Tanzania has drafted policies aimed at channelling the benefits of a gas boom to its own people, in the face of a fatal riot over plans for a new pipeline.
The draft policy paper seen by Reuters proposes gas companies list on the local stock exchange, creating a gas revenue fund and a national oil and gas company, and locating plants onshore to liquefy the gas from the offshore fields.
Tanzania estimates it has 41.7 trillion cubic feet (tcf) of recoverable natural gas reserves. Discoveries offshore of Tanzania and Mozambique’s waters have led to predictions the region could become the world’s third-largest exporter of natural gas.
Mtwara, one of two regions in southern Tanzania picked for liquefied natural gas (LNG) plants, saw its residents riot on Wednesday, protesting that a budget presentation to parliament failed to show how the construction of a 532 km (330 mile) pipeline through their region would benefit them.
The 2013 draft natural gas policy plans to “ensure that the domestic market is given first priority over the export market in gas supply.”
“To develop the capacity of Tanzanians to participate strategically in the natural gas value chain, the government shall ensure companies participating in the natural gas value chain are listed on the Dar es Salaam Stock Exchange,” it said.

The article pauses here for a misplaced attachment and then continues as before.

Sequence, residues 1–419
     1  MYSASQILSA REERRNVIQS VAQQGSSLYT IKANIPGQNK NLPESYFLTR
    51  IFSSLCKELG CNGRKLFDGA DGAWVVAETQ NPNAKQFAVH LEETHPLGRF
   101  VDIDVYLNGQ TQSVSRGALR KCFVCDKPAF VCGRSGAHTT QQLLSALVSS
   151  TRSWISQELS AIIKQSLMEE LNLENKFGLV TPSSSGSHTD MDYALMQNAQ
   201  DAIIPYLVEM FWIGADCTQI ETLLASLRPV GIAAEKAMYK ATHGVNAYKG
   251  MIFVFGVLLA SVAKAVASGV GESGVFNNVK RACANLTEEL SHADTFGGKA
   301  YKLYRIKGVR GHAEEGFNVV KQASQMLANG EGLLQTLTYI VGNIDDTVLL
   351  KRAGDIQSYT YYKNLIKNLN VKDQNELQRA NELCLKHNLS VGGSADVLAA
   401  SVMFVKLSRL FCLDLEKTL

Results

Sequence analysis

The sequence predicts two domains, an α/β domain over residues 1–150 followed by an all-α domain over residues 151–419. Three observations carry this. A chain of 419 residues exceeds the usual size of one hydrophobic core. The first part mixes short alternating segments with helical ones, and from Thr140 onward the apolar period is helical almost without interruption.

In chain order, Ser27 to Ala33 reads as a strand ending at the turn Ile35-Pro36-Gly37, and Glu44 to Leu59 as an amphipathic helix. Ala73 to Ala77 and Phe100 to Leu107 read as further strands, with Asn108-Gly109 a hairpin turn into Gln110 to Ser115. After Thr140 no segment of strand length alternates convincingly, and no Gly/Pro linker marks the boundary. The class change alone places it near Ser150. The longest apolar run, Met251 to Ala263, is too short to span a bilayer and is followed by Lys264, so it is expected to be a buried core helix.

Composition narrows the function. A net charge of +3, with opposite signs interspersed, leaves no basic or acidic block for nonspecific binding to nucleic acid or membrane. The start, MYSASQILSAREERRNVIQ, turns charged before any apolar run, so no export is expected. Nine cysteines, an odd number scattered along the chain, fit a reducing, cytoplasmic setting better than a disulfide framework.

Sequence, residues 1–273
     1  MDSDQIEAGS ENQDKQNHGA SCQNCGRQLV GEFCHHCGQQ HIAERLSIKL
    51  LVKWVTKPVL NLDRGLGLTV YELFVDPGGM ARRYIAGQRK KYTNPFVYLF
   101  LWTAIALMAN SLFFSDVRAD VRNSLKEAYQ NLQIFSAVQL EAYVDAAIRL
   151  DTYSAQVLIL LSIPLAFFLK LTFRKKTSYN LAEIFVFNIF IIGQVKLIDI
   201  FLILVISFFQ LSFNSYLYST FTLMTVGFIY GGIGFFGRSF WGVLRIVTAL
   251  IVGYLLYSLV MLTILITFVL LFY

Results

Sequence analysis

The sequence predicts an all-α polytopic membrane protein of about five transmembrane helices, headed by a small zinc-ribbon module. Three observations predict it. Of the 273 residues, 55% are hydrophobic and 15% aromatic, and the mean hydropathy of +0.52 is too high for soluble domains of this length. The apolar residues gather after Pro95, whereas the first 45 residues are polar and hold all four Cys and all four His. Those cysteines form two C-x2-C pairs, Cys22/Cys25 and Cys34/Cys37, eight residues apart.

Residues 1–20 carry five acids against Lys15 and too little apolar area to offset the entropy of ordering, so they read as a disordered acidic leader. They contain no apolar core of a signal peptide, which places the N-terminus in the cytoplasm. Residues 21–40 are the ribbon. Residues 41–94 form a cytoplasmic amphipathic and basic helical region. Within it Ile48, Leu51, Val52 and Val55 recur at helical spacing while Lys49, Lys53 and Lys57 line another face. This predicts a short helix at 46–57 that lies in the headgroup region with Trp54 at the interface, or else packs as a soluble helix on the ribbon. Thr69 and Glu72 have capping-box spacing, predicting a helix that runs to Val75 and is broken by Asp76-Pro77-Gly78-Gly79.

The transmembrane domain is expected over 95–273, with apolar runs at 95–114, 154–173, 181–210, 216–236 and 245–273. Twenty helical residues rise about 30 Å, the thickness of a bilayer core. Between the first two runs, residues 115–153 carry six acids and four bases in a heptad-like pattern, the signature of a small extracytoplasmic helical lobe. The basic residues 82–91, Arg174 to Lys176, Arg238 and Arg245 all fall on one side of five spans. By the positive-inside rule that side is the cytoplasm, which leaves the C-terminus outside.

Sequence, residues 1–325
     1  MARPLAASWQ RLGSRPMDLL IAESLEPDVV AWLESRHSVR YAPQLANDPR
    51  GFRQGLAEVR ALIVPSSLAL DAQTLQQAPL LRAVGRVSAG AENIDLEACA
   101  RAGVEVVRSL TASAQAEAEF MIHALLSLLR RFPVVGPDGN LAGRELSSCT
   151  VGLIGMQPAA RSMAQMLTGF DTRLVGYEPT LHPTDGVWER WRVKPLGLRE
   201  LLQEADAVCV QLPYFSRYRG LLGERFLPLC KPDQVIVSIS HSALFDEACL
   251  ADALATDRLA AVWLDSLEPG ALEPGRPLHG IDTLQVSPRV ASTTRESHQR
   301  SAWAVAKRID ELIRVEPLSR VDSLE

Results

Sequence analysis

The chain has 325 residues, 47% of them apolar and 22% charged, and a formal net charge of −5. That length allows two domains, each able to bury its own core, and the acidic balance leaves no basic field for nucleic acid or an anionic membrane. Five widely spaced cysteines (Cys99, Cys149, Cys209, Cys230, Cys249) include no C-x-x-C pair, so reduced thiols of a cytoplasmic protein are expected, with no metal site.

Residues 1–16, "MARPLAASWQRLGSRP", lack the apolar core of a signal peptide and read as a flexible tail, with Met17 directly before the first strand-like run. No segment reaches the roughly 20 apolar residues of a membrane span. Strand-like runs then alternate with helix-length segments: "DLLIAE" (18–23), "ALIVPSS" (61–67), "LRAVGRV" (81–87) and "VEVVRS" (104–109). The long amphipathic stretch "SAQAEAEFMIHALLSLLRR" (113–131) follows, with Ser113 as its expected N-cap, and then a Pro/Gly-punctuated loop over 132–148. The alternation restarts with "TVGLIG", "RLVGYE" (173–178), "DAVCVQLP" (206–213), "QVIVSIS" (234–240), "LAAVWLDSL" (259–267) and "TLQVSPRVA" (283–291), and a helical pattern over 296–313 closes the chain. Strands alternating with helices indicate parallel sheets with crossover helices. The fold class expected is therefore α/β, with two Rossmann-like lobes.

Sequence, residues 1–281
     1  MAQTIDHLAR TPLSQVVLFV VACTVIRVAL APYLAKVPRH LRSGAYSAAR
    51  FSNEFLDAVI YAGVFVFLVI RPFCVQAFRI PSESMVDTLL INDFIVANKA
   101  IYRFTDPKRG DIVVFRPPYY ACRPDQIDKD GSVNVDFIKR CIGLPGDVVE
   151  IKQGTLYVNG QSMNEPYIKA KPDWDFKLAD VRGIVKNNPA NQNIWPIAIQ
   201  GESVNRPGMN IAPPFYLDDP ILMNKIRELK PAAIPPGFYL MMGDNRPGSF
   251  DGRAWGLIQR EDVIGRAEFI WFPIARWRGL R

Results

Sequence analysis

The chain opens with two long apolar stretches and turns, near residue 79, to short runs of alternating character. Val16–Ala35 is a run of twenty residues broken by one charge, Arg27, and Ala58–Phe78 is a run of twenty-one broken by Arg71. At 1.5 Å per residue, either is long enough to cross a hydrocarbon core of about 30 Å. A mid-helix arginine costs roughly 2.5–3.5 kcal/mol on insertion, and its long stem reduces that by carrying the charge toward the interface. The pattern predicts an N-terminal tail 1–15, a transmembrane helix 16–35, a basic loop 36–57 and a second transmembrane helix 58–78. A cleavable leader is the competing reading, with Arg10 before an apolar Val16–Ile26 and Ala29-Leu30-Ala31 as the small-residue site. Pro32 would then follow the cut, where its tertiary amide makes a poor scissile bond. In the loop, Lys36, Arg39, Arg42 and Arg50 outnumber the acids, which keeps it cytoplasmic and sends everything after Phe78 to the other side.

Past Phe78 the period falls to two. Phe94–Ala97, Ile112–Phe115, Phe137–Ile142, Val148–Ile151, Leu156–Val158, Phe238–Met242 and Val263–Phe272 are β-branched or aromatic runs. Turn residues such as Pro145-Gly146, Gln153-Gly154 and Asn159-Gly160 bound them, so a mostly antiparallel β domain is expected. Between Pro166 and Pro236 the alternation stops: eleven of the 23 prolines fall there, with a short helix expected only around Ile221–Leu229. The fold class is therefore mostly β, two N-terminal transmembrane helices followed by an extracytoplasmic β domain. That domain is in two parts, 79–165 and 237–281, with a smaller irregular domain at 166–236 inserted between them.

Tanzania Energy and Minerals Minister Sospeter Muhongo said the policy had been submitted to the government for approval.
“Implementation of the natural gas policy will start in 2013/14 after a government decision,” he said in parliament on Wednesday.
Under the proposals, the government requires companies to build natural gas processing facilities onshore, although around 80 percent of current gas discoveries have been made offshore.
Muhongo said the government would also put in place an upstream oil policy and natural gas laws by next year.
British BG Group said earlier this month it would present the government with proposed onshore locations for a big LNG terminal in the next few months.
BG is working with its exploration partner Ophir and Norway’s Statoil, which has found gas in the waters near to BG’s discoveries, on the planned $10 billion project.
Investors in the Mtwara project – financed by a $1.2 billion Chinese loan – are TPDC, Canada’s Wentworth Resources and France’s Maurel & Prom. It is expected to take 12-14 months to complete.
President Jakaya Kikwete said on Wednesday Tanzania’s natural resources belonged to all its citizens and that only 14 percent of the gas would be transported to Dar es Salaam and other regions.
He said the rest would stay in Mtwara, for power generation and for use by industries to be set up in there.
Muhongo said exploration companies planned to drill 17 new wells in the country during the 2013/14 (July-June) fiscal year at a cost of at least $680 million.
Tanzania plans to offer eight oil and gas exploration areas for licensing in October.
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